Auto Beat Sync
Basically, you make the MIDI SYNC = A/D Input if you are going to experiment with Auto Beat Sync.
Now all internal Montage functions that are tempo driven will look to the A/D Input as the clock Source. To test it connect any handheld audio source...try anything and everything... what you want to get a feel for is what the technology is doing to pickup the tempo. It is not completely just magic, it is actually analyzing the audio coming in, looking for strong pulses that define the tempo. Once you feed it a variety of source material, only then can you have a sense of what will work and what does not. Not everything you select will be a good source... getting a feel for what will and will not work, can only be learned by experimenting.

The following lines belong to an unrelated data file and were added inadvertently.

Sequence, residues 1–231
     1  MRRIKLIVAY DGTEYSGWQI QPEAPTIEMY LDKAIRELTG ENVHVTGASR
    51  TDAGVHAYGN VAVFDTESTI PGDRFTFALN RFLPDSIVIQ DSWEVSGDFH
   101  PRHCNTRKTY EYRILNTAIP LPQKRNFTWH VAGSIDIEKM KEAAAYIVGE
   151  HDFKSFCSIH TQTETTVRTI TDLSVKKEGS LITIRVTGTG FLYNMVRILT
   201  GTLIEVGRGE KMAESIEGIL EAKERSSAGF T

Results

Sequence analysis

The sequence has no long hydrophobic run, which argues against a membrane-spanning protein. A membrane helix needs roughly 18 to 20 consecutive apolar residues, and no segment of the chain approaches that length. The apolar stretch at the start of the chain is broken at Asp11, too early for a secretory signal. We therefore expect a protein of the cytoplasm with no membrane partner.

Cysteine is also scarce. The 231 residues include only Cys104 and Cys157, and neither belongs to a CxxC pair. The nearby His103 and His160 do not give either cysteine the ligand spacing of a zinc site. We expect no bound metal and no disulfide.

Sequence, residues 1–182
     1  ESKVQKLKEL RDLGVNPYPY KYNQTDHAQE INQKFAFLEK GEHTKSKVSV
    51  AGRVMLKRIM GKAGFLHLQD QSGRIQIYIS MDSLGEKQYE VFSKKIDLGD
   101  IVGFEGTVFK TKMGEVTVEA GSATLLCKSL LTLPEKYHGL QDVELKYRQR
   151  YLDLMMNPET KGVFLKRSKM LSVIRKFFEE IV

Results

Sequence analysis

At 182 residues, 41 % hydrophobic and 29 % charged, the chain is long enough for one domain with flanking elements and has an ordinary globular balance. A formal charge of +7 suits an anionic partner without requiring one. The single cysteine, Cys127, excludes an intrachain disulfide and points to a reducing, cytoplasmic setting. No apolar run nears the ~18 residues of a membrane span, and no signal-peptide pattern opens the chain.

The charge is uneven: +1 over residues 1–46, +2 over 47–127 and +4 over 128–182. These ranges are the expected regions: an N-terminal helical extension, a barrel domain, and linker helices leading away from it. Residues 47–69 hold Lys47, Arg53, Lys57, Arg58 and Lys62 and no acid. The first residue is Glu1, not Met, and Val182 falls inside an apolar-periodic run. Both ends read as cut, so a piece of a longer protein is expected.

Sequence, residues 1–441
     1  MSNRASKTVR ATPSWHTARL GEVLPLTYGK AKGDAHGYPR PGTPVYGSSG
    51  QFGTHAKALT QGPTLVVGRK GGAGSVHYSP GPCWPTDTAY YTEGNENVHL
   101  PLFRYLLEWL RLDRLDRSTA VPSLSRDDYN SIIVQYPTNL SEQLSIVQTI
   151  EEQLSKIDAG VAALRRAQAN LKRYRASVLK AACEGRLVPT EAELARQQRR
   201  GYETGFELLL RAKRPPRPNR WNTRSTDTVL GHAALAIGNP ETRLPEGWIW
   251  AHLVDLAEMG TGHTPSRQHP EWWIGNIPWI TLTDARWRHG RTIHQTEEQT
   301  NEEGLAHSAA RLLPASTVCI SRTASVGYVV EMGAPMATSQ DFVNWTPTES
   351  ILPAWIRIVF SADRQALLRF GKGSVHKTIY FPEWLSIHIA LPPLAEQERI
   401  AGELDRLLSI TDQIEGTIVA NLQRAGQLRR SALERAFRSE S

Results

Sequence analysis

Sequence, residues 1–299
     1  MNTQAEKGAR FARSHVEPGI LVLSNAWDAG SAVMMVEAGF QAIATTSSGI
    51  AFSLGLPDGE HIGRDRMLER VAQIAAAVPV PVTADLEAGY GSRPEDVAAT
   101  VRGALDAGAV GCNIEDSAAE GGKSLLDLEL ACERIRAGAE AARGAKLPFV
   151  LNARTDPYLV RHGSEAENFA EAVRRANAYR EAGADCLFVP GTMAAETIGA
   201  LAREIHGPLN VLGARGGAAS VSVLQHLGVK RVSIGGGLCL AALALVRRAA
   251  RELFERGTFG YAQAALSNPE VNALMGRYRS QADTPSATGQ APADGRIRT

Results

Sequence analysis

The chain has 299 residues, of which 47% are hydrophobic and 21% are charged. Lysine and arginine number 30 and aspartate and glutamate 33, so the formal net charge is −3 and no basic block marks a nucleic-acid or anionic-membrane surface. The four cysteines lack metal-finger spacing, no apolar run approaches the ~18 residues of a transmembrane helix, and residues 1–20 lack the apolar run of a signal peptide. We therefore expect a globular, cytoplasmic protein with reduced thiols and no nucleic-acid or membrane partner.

As the video visually points out, a strongly defined kick snare pattern makes a wonderful source for tempo and it makes a strong pulse as an envelope source.
(I test stuff out on my friends - I can remember showing a good friend of mine the Montage Envelope Follower for the first time... I asked him to choose some audio to interact with the Montage... his selection had nothing whatever to do with what would make a good solid source to create an Envelope... his curious instinct made him choose a piece of music that was something he enjoyed listen to... point being it was the worst for creating an envelope. But it helped him immensely when next a well defined percussion pattern was played... the concept of what an "envelope shape" meant, became clear to him in that moment.